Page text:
Monday, 25 August 2014

Thinking About Garbage Numbers

On Saturday night, I saw Jarred Cosart's tweet about Adeiny Hechavarria and his fielding metrics. Fielding numbers have been controversial for most of the history of sabermetrics, so anyone with any sense to begin with should regard them as 'informed opinions'. (I also hold the view that this is somewhat true of park factors, pitching numbers and even hitting numbers, albeit to lesser degrees as one advances along that list.) Inspired by Jarred Cosart, I went to check the garbage dump at FanGraphs, and this morning my thunder was stolen, somewhat, by Jeff Sullivan's post on the matter.

What Sullivan didn't look at, but what I did look at straightaway on Saturday night, was the lesser-known 'Inside Edge' numbers at FanGraphs. 'Inside Edge' is assembled by scouts who assign a difficulty value to plays. Read more here, and Inside Edge's website is here. I found Inside Edge interesting in thinking about Miguel Cabrera's fielding during 2013, in that it suggested Cabrera did extremely well with routine plays at third base, but was somewhat taxed the more he had to move. That fit my own impression better than some awful number spat out by UZR or DRS.

This link to 2014's qualified shortstops table of Inside Edge data is sortable, if you click on the column tops. What you will see is that Adeiny Hechavarria is about average at making routine plays (those Inside Edge rates as being 60% 'field-able' or more), but slumps down the list at plays I would call 'marginal' (40-60% 'field-ability'). Looking at 'difficult' plays (40% or less), however, Hechavarria puts in his best performance. Now, if you look at FanGraphs rating of his UZR or DRS in more detail, what you'll see is that he's below average in range and in turning the double play. If he can get to a ball, he's unlikely to make an error, but he doesn't get to all the balls that he could. We see this also borne out by the Inside Edge data I described above, in that he performs badly at what I called 'marginal' plays.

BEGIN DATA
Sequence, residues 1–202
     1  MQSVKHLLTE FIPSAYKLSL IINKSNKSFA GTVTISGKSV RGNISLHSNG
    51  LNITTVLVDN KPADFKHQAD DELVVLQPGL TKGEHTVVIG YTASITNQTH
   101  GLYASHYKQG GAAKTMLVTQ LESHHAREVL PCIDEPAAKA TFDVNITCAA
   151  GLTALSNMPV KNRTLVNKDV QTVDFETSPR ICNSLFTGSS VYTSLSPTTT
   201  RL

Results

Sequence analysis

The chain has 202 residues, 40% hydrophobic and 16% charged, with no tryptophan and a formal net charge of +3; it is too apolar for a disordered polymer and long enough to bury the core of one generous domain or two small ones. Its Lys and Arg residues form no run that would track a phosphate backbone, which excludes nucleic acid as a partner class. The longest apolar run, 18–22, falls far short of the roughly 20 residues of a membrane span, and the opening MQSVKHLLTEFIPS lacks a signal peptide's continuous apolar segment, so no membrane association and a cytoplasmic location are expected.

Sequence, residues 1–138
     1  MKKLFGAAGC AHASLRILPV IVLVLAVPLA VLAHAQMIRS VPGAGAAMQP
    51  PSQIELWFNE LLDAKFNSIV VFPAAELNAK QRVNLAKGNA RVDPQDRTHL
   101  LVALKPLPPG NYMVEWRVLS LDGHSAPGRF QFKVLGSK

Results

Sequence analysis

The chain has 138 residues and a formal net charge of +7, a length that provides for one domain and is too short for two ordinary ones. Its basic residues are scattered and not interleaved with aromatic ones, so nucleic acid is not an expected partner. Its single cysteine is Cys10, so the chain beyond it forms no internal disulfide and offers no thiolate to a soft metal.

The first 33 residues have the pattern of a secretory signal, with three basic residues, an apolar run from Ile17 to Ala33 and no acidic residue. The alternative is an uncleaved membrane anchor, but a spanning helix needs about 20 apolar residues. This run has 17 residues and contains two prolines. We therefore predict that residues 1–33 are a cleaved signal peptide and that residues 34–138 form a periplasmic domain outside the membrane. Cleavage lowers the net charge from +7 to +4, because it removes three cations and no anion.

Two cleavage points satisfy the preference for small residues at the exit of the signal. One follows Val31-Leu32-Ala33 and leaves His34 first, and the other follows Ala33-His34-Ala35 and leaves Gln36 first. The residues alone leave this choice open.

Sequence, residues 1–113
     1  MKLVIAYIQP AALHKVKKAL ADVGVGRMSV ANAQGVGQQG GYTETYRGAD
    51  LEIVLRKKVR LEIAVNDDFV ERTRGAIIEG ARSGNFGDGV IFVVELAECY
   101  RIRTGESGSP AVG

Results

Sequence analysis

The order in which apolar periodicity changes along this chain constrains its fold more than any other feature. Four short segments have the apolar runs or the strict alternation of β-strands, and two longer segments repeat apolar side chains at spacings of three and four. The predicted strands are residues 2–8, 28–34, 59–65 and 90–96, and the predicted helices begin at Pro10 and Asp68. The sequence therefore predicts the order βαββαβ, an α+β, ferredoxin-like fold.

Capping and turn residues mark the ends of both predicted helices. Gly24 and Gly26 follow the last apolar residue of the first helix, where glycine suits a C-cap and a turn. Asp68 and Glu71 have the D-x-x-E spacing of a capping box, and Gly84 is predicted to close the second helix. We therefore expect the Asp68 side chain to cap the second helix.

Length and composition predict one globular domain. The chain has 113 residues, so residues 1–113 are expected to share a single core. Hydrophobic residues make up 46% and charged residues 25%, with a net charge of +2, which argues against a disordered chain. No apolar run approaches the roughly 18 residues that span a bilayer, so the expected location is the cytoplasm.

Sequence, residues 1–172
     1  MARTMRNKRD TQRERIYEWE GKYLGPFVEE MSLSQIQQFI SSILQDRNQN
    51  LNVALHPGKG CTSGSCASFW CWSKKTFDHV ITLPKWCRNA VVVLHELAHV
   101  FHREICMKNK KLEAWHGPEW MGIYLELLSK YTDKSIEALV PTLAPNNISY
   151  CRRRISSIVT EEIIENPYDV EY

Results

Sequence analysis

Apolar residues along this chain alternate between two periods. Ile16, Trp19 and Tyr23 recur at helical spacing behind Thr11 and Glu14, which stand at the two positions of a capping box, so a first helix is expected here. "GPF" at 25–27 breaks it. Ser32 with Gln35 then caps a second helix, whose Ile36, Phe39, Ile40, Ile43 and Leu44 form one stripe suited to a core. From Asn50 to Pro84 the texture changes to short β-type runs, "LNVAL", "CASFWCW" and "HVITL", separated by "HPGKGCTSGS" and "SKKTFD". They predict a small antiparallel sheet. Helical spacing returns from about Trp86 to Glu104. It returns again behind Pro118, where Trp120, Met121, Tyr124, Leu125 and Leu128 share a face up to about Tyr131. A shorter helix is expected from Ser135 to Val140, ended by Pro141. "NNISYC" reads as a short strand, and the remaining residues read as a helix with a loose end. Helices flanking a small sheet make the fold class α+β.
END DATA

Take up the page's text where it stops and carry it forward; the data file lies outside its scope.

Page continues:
There's a sense that both sides of this argument are right, which is not really the way for a humble blogger like me to get attention and land a high-paying job in the industry. Hechavarria is very good at making plays most shortstops cannot, which will often occur at critical moments in a game, and good enough at making the routine plays. But he doesn't fill the space in between too well.

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